by Monica Reinagel, M.S., L.D./N.
It’s getting easier and easier to find gluten-free products these days, which is welcome news for the millions of people with celiac disease. Gluten, which is found in wheat and certain other grains, can cause serious health problems for people with celiac disease. But are gluten-free products also healthier for people without celiac disease? Are there risks involved in cutting out gluten? This week, I’ll give you my quick and dirty tips on the gluten-free diet.
What is Gluten?
Gluten is a protein found in wheat and certain other cereal grains, including rye and barley. Most people tolerate this protein just fine. But for people with celiac disease, this protein triggers an immune reaction in the gut, which if left untreated can cause permanent damage to the lining of the small intestine. Untreated celiac disease also can lead to serious nutritional deficiencies because the damaged intestines are not able to absorb important nutrients.
What is Celiac Disease?
Celiac disease is fairly common—affecting about one in every hundred people. But a lot of them don’t know they have it. That’s not too surprising because the symptoms can be a little vague. They might include gas, bloating, diarrhea, and abdominal pain. (Click here for more on the symptoms of celiac disease.) Celiac is diagnosed with a blood test or by biopsy.
Celiac is not the same as wheat allergy or gluten intolerance, although they can cause similar symptoms. And the solution for all three conditions is the same: a gluten-free diet will relieve symptoms and, in the case of celiac disease, prevent permanent damage to the bowel lining. (Click here for more on the difference between celiac disease and wheat allergies)
Which Foods Contain Gluten?
As I mentioned before, going gluten-free is getting much easier. Gluten-free foods—including pastas, crackers, cookies, cereal, and even breads—have become widely available and better-tasting. And the Food Allergen Labeling and Consumer Protection Act, which went into effect in 2006 has made it easier to identify products that contain common allergens.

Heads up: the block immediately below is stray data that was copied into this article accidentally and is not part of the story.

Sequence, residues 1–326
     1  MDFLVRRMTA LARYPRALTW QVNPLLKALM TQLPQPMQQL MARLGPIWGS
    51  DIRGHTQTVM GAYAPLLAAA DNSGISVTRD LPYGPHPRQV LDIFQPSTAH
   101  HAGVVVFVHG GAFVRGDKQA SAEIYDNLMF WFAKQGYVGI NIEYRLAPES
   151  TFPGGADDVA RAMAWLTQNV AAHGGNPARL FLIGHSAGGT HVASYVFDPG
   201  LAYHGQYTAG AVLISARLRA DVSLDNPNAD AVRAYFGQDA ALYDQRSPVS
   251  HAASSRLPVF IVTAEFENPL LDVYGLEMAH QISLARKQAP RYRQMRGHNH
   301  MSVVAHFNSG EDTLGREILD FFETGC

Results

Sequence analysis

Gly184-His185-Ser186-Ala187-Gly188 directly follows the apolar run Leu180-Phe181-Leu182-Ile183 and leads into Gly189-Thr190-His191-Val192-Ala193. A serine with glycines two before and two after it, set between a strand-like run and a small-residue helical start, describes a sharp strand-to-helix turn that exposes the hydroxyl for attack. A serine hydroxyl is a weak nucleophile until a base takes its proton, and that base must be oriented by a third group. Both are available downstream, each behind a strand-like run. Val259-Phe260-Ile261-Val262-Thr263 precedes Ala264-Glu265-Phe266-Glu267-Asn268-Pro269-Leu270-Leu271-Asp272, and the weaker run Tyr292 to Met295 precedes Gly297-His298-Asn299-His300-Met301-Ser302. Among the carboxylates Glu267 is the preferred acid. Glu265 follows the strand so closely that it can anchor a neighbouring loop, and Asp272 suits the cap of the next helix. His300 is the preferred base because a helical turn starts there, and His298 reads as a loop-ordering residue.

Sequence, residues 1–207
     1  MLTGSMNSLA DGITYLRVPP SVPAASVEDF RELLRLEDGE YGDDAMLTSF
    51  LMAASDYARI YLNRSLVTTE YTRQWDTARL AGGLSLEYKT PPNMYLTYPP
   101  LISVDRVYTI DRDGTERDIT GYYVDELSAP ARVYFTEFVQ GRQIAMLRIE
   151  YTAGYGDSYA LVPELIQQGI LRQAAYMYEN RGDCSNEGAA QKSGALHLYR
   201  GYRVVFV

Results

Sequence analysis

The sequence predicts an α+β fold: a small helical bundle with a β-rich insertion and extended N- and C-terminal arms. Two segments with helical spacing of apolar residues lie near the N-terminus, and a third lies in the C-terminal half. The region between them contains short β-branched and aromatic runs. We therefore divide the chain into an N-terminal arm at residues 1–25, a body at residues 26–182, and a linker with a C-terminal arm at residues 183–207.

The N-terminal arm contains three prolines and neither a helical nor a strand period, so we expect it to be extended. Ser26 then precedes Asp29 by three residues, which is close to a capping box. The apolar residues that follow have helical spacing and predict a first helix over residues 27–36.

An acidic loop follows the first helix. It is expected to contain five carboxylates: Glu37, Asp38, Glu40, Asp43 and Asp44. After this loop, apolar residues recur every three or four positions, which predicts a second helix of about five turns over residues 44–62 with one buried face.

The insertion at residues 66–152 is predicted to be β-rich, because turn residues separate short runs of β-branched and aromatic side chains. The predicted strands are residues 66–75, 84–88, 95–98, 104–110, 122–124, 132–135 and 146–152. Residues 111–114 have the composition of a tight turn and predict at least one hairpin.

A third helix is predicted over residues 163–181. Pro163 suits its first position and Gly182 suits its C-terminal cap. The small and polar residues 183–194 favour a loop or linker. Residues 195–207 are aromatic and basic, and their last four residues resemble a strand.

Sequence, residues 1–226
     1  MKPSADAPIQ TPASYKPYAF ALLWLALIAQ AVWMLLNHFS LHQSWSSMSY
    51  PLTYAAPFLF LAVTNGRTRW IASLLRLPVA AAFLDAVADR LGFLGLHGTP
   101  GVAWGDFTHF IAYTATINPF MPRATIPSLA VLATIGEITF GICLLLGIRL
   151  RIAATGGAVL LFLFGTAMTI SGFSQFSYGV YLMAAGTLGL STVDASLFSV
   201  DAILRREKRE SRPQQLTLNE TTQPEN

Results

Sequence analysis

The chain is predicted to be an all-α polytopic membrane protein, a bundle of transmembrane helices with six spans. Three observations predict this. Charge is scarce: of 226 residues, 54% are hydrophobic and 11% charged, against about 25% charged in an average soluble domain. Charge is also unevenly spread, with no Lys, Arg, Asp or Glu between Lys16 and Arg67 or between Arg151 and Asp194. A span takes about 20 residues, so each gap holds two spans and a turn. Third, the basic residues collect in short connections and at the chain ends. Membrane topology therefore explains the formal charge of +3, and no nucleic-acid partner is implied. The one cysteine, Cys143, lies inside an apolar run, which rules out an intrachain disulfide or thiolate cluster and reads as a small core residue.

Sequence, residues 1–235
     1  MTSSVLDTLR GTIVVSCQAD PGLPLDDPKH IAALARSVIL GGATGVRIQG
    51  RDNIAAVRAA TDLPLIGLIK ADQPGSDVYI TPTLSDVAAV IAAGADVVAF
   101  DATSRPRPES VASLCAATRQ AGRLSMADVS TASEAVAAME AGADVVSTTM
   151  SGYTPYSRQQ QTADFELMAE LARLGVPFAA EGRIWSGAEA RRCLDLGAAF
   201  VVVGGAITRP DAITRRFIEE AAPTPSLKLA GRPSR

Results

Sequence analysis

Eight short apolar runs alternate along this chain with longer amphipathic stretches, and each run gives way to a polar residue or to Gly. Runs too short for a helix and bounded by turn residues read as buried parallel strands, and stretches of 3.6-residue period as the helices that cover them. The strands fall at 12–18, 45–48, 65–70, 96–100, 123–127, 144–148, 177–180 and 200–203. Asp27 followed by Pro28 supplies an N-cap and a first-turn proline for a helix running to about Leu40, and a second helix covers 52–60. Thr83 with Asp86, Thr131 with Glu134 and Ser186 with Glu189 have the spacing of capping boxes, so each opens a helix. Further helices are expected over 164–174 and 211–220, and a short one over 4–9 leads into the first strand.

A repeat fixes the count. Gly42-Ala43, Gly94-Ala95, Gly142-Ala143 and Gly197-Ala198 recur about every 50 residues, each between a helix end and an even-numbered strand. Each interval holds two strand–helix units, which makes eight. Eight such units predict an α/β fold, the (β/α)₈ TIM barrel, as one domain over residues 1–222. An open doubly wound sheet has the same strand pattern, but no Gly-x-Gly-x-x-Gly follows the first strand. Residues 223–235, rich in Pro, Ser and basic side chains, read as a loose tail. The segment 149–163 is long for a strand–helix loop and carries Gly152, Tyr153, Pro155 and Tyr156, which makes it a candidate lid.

But it still requires some diligence. Gluten turns up in products you might not expect, like soy sauce, vinegar, beer, vitamin supplements, and some prescription drugs. Also, be aware that products labeled “wheat-free” are not necessarily gluten-free. With packaged foods, you’ll need to become a label sleuth. Fortunately, there are lots of organizations to offer information, guidance, and support.
What are the Risks of the Gluten-free Diet?
There are a couple of things to watch out for on a gluten-free diet.
Gluten-free products tend to be lower in many nutrients than their gluten-containing counterparts.
Gluten-free products tend to be lower in many nutrients--including folic acid and other B vitamins, fiber, calcium, iron, and vitamin D-- than their gluten-containing counterparts. It’s not that wheat is all that nutritious; it’s that wheat flour is almost always fortified with these nutrients. Gluten-free substitutes are often unfortified.